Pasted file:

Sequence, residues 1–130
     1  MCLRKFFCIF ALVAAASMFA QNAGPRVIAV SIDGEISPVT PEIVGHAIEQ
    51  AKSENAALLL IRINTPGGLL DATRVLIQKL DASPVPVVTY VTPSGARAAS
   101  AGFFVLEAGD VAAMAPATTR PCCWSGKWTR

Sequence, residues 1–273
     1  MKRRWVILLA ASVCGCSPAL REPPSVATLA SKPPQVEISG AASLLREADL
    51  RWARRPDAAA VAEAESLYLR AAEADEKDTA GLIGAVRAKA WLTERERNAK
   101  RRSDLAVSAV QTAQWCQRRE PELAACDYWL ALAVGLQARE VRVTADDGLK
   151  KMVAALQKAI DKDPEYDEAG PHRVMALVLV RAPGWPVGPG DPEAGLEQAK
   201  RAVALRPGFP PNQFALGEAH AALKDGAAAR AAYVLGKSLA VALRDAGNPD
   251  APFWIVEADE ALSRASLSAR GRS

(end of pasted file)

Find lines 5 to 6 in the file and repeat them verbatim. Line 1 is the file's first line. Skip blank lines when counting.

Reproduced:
Sequence, residues 1–273
     1  MKRRWVILLA ASVCGCSPAL REPPSVATLA SKPPQVEISG AASLLREADL